A co-signer is a person with good credit who signs the loan with you. This seems less risky to lenders because they have someone who will pay the loan if you cannot. Bringing along a co-signer increases your chances of getting loan approval.

There are some risks that accompany having a co-signer. This debt also shows up on their credit report, and their score takes a hit if you cannot make payments on time. The relationship between you and your co-signer could be severed or damaged if you default on your payment.s

7. Shop Where You Can Finance

Some dealerships offer their financing which could work in your favor. In this case, you avoid having to apply to a third-party lender. Certain dealerships work primarily with those that have low credit.

It’s important to note that it’s possible these dealer-lenders offer interest rates that are sky high and could include repossession in their terms if you cannot make the payments. Usually, they do not report to the credit bureau, so using these loans to build your credit is out of the question.

Don’t Let Bad Credit Stop You

If you have to buy a car with bad credit, don’t stress. Even though it might be hard, there are ways to own your car and rebuild your credit.

Are you looking for more information on auto loans? We’re here to help! Here’s some answer to questions you may have.

7 Life-Saving Tips That’ll Raise Your Credit Score Quickly

Do you want to raise your credit score quickly? If you follow these tips, you'll see improvement in your score in no time.

Do you want to raise your credit score quickly? If you follow these tips, you’ll see improvement in your score in no time.

7 Life-Saving Tips That’ll Raise Your Credit Score Quickly

16% of Americans have a credit score of below 579. This is the lowest level of the FICO score and is categorized as “very poor”.

A poor credit score can have a serious impact on your personal life and can affect your business negatively as well.

While no one can guarantee that you will hit an exceptional score, there are steps you can take to improve your credit score.

Here are seven tips to raise your credit score quickly.

1. Check Your Report for Errors and Omissions

The very first step to take is to get a copy of your credit card report. This is the only way to know where you stand before you figure out the specific actions to take to make things better.

This is, however, not all you will be doing with your report. Go through it carefully, checking for any error and omissions.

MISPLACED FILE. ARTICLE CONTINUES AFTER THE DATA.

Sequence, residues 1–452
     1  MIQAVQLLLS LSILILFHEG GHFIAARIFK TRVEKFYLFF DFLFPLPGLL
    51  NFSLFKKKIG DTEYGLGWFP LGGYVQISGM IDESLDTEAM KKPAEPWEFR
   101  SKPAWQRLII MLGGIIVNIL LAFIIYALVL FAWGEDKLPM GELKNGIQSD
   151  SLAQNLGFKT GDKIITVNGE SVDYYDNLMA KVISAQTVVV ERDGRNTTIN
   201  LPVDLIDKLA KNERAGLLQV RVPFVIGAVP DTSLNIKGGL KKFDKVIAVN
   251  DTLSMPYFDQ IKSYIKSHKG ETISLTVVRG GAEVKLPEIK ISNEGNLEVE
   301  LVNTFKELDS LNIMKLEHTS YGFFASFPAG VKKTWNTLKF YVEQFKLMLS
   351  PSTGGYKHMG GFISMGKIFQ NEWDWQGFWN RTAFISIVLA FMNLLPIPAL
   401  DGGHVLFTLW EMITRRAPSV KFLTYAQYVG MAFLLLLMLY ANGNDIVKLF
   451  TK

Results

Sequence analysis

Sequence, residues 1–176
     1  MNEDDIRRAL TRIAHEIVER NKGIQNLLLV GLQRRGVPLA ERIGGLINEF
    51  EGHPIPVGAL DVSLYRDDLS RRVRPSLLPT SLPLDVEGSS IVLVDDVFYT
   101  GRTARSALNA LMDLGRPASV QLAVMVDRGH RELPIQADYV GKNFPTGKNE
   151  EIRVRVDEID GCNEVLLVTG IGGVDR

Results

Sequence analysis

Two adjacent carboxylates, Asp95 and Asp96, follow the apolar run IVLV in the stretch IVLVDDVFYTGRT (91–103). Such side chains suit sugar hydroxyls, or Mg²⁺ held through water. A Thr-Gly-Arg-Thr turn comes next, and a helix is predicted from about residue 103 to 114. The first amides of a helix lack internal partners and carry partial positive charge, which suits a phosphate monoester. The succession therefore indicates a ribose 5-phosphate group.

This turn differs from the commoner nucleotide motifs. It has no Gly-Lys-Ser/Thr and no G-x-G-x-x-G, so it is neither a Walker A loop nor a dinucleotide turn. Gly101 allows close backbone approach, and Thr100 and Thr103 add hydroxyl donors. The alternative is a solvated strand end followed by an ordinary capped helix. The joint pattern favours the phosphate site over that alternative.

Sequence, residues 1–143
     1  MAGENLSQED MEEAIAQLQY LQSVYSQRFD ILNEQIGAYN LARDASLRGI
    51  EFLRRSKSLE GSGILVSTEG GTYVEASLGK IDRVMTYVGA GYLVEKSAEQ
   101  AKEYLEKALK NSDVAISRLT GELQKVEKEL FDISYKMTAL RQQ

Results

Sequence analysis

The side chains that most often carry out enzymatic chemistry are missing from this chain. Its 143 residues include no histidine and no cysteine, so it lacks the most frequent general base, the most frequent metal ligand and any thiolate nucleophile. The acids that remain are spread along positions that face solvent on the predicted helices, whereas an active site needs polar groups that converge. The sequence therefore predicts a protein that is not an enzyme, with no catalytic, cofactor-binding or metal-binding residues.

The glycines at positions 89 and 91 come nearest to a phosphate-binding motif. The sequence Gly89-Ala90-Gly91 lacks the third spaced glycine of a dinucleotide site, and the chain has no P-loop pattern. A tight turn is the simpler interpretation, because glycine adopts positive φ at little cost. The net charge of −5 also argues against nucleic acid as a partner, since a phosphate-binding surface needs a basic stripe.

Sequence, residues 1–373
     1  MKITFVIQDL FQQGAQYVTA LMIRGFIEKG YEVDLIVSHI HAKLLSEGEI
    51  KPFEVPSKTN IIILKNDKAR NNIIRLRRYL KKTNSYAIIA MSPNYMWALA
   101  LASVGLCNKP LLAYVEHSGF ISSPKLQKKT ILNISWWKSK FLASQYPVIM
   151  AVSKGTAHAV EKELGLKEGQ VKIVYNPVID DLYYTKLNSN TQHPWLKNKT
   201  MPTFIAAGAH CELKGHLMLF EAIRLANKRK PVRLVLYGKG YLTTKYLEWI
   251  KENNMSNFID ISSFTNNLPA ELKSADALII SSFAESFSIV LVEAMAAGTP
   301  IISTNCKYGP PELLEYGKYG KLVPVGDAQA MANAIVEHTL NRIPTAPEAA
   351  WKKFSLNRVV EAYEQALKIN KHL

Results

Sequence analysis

Look for things like a repaid debt that’s been listed as a default or a loan you repaid on time that is not listed.

If you identify any of these issues, move to have them corrected. This action in itself can add a few points to your rating.

2. Negotiate on Outstanding Balances

You will be surprised at how helpful your creditors can be. Unfortunately, if you never ask, you will never find out.

If you are having trouble making payments, make contact with your credit card issuer and communicate this with them.

Most providers have temporary hardship programs you can take advantage of. The benefit of this is that you can have your repayment amounts reduced until you get back on your feet.

Smaller, more manageable installments mean you can pay a lot more comfortably. This is better than skipping payments and having a creditor send a negative report that sheds a few points off your score.

3. Get Added as an Authorized User

This is a great way of giving your credit score an immediate boost. This works particularly well if you are just starting out and have little information on your credit rating.

You do this by getting someone with a high credit card limit and an even greater repayment history. Their card issuer sends them a card with your name on it.

Legally, you are not obligated to make payments on any debt accrued on the card. But its usage reflects positively on your credit score.

The key is finding someone with above board transactions. In a sense, you inherit the person’s positive credit history.

However, not all credit card companies report authorized users. Before you get on it, do your research and find out if it will be reported.

4. Ask Creditors to Delete Late Payments

It’s not uncommon to fall behind on payments from time to time. However, these small mistakes lower your credit score.